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The Irish expats flying home to vote in the abortion referendum

London, Lyon, Las Vegas: thousands of Irish people are expected to descend on their home country in hopes of repealing the eighth amendment

Ireland Unfree’ is a Dazed mini-series telling the stories of Ireland’s bold fight for abortion rights, in the run up to the monumental referendum on the eighth amendment. Stirring protest, creativity, personal politics, and vital conversation, these Irish people push for autonomy. Here, we share their journey on Dazed.

For the uninitiated, the Republic of Ireland has some of the strictest abortion laws in Europe. Introduced in 1983, the Eighth Amendment makes abortion illegal in nearly all circumstances, including if the mother has serious health issues, in cases of rape or incest, and in cases of FFA (fatal foetal abnormalities). A person who has an abortion can face a prison sentence of up to 14 years. On May 25, with the vital referendum, all could change.

As with nearly everywhere that’s outlawed abortion, it’s not that abortion doesn’t exist in Ireland: it just doesn’t happen in Ireland. Ireland exports its abortions, or they’re carried out illegally. Since 1983 an estimated 170,000 Irish women have travelled to the UK for an abortion; the rate is currently around 9 people each day. Abortion is a privilege: Irish people are not entitled to access NHS services so the procedure must be paid for privately. An abortion (which can cost up to £1,300 after 19 weeks), travel (flights if you can afford them, a ferry if you can’t) and accommodation can easily come to over £1,000. Up to 2,000 people each year also end pregnancies with the abortion pill, which they obtain illegally online.

The Irish voting system allows postal votes in very few circumstances (e.g if you’re a diplomat), so most citizens living abroad who are eligible to vote in the referendum (that is, those who left Ireland during or after December 2016) must return to Ireland in order to do so. There is, of course, some strange irony in both abortion, and voting to change abortion law, being journey contingent. “I'm desperate to see a ‘Yes’ vote,” says Penny, 32, who is currently based between Nottingham and Cork, and will be travelling back to Ireland to vote. “I made the journey (to have an abortion) years ago when I lived in Cork – frightened and confused about what was happening. I need to see that stopped.”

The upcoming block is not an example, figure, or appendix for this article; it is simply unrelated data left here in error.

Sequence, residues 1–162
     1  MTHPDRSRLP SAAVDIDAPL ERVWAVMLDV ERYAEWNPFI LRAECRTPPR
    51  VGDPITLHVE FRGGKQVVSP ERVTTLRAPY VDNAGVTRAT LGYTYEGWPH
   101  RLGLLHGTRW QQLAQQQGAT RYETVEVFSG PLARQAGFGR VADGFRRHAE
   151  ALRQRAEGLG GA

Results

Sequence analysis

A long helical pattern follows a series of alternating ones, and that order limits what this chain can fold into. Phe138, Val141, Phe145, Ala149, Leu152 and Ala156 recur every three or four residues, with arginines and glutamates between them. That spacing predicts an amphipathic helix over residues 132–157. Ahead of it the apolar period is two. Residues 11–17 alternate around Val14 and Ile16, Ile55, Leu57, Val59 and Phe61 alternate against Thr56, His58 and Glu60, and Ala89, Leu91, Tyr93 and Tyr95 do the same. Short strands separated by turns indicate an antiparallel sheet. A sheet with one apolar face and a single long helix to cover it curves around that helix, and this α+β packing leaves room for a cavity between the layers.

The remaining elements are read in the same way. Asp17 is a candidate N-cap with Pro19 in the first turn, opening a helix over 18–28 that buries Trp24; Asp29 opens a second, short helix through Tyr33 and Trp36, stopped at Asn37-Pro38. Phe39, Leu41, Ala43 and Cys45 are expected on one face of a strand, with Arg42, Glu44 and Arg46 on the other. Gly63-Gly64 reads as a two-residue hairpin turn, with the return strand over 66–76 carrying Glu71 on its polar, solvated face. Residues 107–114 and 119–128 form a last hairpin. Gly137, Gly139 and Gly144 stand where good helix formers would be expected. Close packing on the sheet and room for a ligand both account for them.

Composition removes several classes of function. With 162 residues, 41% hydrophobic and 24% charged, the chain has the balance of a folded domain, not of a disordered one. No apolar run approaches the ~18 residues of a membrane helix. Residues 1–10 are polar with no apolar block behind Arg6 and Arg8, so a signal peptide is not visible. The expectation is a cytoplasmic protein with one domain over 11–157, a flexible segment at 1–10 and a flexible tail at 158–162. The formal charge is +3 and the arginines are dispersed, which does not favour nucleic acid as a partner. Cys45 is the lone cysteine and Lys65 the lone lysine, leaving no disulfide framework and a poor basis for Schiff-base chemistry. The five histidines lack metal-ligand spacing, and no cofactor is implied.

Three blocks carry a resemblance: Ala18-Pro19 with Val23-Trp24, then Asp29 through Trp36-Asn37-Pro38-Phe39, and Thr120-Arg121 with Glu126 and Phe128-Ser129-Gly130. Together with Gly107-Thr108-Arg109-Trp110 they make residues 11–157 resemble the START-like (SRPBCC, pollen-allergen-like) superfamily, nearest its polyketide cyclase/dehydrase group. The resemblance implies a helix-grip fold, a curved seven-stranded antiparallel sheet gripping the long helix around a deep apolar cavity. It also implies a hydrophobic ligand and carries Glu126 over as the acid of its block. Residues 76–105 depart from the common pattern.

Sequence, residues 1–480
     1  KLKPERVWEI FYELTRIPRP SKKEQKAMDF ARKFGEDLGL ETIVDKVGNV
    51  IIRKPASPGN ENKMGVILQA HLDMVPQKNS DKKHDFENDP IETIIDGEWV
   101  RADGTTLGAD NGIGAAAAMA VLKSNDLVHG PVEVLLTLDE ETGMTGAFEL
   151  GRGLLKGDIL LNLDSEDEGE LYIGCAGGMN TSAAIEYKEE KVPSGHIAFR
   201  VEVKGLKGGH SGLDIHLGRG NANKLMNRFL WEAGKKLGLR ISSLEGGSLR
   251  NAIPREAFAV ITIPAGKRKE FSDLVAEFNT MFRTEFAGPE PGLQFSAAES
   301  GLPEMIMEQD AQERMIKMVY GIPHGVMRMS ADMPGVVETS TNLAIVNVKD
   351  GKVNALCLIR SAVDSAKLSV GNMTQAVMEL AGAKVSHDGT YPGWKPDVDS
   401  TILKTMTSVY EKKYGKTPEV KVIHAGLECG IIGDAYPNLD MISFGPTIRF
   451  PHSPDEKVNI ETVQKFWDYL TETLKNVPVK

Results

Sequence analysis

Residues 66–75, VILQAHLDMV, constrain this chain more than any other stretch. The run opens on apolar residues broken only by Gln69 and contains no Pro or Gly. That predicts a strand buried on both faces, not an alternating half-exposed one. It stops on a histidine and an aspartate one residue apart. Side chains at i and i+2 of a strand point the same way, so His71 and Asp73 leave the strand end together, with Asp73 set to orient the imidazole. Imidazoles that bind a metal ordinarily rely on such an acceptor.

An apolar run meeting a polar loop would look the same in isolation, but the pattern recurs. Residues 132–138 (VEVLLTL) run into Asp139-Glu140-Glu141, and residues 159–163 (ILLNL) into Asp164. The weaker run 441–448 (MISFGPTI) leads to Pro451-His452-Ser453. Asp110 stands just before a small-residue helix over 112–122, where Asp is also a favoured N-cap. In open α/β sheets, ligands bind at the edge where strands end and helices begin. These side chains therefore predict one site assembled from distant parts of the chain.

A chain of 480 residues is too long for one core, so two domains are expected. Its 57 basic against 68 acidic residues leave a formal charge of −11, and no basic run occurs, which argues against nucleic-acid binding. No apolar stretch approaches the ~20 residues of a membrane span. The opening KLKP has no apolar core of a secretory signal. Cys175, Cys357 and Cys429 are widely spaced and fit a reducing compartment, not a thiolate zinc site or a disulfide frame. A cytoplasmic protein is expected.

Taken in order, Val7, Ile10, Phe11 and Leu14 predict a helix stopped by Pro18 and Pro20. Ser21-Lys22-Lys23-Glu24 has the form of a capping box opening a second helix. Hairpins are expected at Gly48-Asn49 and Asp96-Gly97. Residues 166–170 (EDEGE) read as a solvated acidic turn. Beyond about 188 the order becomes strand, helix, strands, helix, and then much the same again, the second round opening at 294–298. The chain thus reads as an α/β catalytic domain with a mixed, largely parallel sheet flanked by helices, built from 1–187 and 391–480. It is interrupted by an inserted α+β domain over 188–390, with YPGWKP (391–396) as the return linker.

When Ireland held a marriage equality referendum in 2015, the same rule against postal votes applied. #HomeToVote began as a movement to encourage people to travel back to vote. This year, it’s been rebooted by the London Irish Abortion Rights Campaign, who launched a rousing video last week featuring voters travelling from Las Vegas, London, and Lyon. #HomeToVote is aiming to raise awareness because, as spokesperson Claire McGowan puts it, “every trip home matters”. She’s right: of the 750,000 Irish people living abroad, roughly 40,000 are eligible to vote. People travelling home could swing this monumental vote.

One of the important things to understand about the Eighth Amendment is that it is not just about abortion. Órfhlaith, who campaigned against the amendment in 1983, but was too young to vote against it, describes her reproductive life as “lived under the shadow of the Eighth”. A ‘Yes’ vote is a vote as much for the rights of pregnant people, and indeed ovulating people, as it is for abortion. As Ciara, 23, put it: “I’m voting ‘yes’ as someone with a disability (T2 Paraplegic), who if pregnant, would be prone to serious health risks”.

Bláithín, 21, is currently on a study abroad programme at UCL. For her, returning to Ireland to vote ‘yes’ “means freedom and justice for Irish women of the past, present and future”. A good percentage of those eligible to return to vote will be students like Bláithín, and last Friday April 25th NUS launched their own Home to V8te campaign, with a travel bursary of up to £110 for anyone travelling to vote.

The tactics of anti-choice campaigners can be crude, but that’s not to say they won’t be effective. There is already evidence that anti-choice groups in the US have funded micro targeted Facebook ads. And, as both Open Democracy and Buzzfeed have reported, Save the Eighth (Ireland’s biggest anti-choice group) has enlisted Kanto (a UK-based ‘digital media consultancy which ran Vote Leave's Brexit campaign and has links to Cambridge Analytica) to assist with its digital strategy.

Ause, 23, will travel back from Kenya, where he has been volunteering with the UN for the past three months. For Ause the fact that the referendum is being influenced by external factors “reinforces the responsibility of every ‘Yes’ voter to get home and contribute to the fight”.

Ause is one of several people I spoke with coming from as far afield as New York, Toronto, and Southeast Asia. For some, though, a journey home is not an option, either because they themselves are no longer eligible to vote, or because they can’t afford their travel back. Caroline, 38, lives in California. Having worked out that her own travel back to Ireland would cost upwards of $1,500, she decided to “fund a few cheap tickets instead of just my own one”, donating about £100 to three different ‘Yes’ voters.

Steve, 35, used the same ‘Abroad for Yes’ network as Caroline, to donate towards two people’s flight costs. Having lived in London for 12 years he is not eligible to vote. For him, “The Abroad for Yes movement is a phenomenal thing, because it’s given the opportunity for people like me whose votes can’t be counted, the chance to help others ensure their votes can be”.